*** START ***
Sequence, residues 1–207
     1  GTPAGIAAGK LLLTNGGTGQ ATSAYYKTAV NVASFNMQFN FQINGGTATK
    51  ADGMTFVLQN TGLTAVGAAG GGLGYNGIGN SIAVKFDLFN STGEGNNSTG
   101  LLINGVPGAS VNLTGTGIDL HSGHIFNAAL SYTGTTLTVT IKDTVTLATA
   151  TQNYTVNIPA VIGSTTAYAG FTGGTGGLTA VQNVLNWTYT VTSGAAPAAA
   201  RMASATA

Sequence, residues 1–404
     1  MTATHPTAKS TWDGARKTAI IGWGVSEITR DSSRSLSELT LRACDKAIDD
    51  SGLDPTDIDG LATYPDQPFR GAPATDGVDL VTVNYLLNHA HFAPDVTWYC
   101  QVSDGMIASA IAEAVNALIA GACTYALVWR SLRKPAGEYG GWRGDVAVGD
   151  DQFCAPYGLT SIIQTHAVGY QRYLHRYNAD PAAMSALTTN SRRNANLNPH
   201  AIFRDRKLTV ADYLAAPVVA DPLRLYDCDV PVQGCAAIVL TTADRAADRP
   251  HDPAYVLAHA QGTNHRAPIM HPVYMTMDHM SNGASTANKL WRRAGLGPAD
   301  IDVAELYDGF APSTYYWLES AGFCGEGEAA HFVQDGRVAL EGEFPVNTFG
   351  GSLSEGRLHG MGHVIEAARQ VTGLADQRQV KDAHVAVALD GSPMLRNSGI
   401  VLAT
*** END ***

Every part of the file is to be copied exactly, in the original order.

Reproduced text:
Sequence, residues 1–207
     1  GTPAGIAAGK LLLTNGGTGQ ATSAYYKTAV NVASFNMQFN FQINGGTATK
    51  ADGMTFVLQN TGLTAVGAAG GGLGYNGIGN SIAVKFDLFN STGEGNNSTG
   101  LLINGVPGAS VNLTGTGIDL HSGHIFNAAL SYTGTTLTVT IKDTVTLATA
   151  TQNYTVNIPA VIGSTTAYAG FTGGTGGLTA VQNVLNWTYT VTSGAAPAAA
   201  RMASATA

Sequence, residues 1–404
     1  MTATHPTAKS TWDGARKTAI IGWGVSEITR DSSRSLSELT LRACDKAIDD
    51  SGLDPTDIDG LATYPDQPFR GAPATDGVDL VTVNYLLNHA HFAPDVTWYC
   101  QVSDGMIASA IAEAVNALIA GACTYALVWR SLRKPAGEYG GWRGDVAVGD
   151  DQFCAPYGLT SIIQTHAVGY QRYLHRYNAD PAAMSALTTN SRRNANLNPH
   201  AIFRDRKLTV ADYLAAPVVA DPLRLYDCDV PVQGCAAIVL TTADRAADRP
   251  HDPAYVLAHA QGTNHRAPIM HPVYMTMDHM SNGASTANKL WRRAGLGPAD
   301  IDVAELYDGF APSTYYWLES AGFCGEGEAA HFVQDGRVAL EGEFPVNTFG
   351  GSLSEGRLHG MGHVIEAARQ VTGLADQRQV KDAHVAVALD GSPMLRNSGI
   401  VLAT